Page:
Listen to the Word and Receive Christ, the Living Stone

User’s Guide to Sunday, May 10

(photo: Pixabay)

Sunday, May 10, is the Fifth Sunday of Easter. Mass readings: Acts 6:1-7; Psalm 33:1-2, 4-5, 18-19; 1 Peter 2:4-9; John 14:1-12.

Listen to the word! This basically sums up what Peter has to say today in the second reading. Yet he delivers this simple message with an elegant metaphor describing both our personal relationships with the Risen Lord Jesus and our collective relationship with him as his Church. Peter likens Christ to “a living stone,” and he admonishes all believers to come to him so that they, too, can become living stones, able to be built into “a spiritual house.” As Peter intimates, this spiritual house is the Church, the place where we are able to offer “spiritual sacrifices acceptable to God through Jesus Christ.” This would have indeed been a striking image for the early Christians, who would have begun to follow Christ while the Temple was still standing and would have remembered it after its destruction. Through this metaphor, Peter tells his audience that they have been transformed through the grace of Christ into living stones that comprise a New Temple in which a new and more effective sacrifice is offered: a sacrifice of sacramental praise, modeled on the instruction of Jesus Christ.

This was, of course, a difficult reality for many Jewish people to get used to. There continued to be some Jewish adversaries to the Church — some who began to follow Christ but fell away and others who never followed Christ in the first place. Regarding these people, Peter has a challenging statement: “They stumble by disobeying the word, as is their destiny.” Now, it might seem as though Peter is espousing a kind of fatalism here; that these people were destined by God to stumble, such that they had no choice in the matter. His point, however, is somewhat different, and to understand it, we need to look at the context established by his metaphor of the living stones.

First of all, in verses 6-7, Peter refers to Jesus Christ as the cornerstone for the people who follow him. In addition to being the original living stone, he is the stone that provides the solid and stable foundation for the “spiritual house,” into which the people are being built. However, for the people who do not listen to him, he becomes a “stumbling stone,” or more literally translated, a “stone of scandal.” In other words, Christ the living stone is received and experienced by people in different ways: For some, he is the cornerstone that provides stability; for others, he is a stumbling stone that creates difficulty.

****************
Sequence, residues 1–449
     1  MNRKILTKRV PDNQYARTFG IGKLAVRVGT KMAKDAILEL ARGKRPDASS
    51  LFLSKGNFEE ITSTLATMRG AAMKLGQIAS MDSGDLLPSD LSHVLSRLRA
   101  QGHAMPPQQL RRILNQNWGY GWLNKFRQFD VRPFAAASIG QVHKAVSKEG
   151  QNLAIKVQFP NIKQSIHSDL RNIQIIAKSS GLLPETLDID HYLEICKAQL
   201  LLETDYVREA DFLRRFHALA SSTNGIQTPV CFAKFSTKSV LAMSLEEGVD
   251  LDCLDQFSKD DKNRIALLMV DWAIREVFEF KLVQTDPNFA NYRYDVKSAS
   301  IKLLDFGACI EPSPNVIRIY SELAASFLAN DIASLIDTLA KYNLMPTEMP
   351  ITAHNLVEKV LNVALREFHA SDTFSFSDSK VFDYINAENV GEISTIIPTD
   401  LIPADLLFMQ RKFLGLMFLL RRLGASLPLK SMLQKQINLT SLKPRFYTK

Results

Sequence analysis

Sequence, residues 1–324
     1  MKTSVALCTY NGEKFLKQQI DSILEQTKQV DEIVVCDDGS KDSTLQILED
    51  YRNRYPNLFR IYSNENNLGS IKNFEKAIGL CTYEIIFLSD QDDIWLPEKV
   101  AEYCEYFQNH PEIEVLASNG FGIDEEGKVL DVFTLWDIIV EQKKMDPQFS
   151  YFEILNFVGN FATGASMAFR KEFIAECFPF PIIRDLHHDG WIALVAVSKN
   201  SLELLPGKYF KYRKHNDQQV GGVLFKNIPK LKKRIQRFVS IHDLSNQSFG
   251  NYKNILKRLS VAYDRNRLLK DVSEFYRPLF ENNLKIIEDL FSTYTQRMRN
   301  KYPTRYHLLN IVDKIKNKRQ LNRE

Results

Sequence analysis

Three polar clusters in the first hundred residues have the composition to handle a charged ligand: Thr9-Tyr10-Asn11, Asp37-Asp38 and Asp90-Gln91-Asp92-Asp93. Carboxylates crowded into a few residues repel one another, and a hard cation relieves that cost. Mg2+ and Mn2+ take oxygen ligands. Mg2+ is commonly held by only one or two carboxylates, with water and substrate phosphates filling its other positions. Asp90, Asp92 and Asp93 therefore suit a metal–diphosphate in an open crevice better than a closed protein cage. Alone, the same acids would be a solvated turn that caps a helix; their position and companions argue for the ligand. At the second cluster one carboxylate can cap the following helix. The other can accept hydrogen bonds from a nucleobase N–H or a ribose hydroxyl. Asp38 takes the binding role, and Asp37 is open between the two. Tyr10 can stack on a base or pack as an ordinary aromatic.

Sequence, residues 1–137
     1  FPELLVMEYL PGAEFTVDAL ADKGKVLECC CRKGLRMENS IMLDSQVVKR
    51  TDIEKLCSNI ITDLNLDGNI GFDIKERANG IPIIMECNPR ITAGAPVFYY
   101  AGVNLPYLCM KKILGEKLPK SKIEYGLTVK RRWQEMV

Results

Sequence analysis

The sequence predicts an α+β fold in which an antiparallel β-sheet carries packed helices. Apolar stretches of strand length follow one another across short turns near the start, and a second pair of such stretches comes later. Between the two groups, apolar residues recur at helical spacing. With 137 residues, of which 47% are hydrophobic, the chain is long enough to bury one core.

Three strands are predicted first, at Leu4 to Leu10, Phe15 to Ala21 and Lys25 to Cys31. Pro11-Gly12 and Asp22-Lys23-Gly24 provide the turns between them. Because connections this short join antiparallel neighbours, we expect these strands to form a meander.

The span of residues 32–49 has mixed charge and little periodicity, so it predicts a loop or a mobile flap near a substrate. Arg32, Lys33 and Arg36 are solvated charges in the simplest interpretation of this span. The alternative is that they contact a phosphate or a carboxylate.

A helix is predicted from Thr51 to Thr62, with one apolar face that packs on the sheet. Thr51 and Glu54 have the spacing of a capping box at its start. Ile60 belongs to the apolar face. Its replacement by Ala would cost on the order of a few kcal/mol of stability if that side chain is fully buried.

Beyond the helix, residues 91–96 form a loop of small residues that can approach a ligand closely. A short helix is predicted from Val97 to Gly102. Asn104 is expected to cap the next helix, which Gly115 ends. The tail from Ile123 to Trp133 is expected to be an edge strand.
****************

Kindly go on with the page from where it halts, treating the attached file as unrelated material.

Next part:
The source of the difference between these two experiences is, according to Peter, within the people themselves. Going back to that difficult line in verse 8, it is “the ones who do not listen to (or, disobey) the Word” who stumble, meaning that their stumbling is an outcome of their disobedience. Further, Peter’s statement that they stumble, “as is their destiny,” can be more literally translated “as they were also appointed.” While the Greek verb “appoint” (tithēmi) sometimes denotes God’s act of determining things, here Peter is using it in another, less common sense: God consigns them to that which they have chosen. In this, he is expressing something analogous to Paul in Romans 1:24, where he states that “God handed over the evil ones to impurity through the lusts of their hearts.”

We who are presented with this metaphor by Peter today also have a choice to make: We either accept Christ as our cornerstone, thus allowing him to transform us anew into living stones for his spiritual house, or we disobey him, thereby setting down the path of stumbling. As Peter indicates, the way we make the choice to accept Christ is simple: Listen to the Word!

Dominican Father Jordan Schmidt is an instructor

 in sacred Scripture at the Pontifical Faculty of the

 Immaculate Conception at the

Dominican House of Studies in Washington, D.C.

Michelangelo, “The Last Judgment,” 1536-1541

Dare We Admit That Not All Will Be Saved?

“To die in mortal sin without repenting and accepting God’s merciful love means remaining separated from him forever by our own free choice. This state of definitive self-exclusion from communion with God and the blessed is called ‘hell.’” (CCC 1033)

Michelangelo, “The Last Judgment,” 1536-1541

Dare We Admit That Not All Will Be Saved?

“To die in mortal sin without repenting and accepting God’s merciful love means remaining separated from him forever by our own free choice. This state of definitive self-exclusion from communion with God and the blessed is called ‘hell.’” (CCC 1033)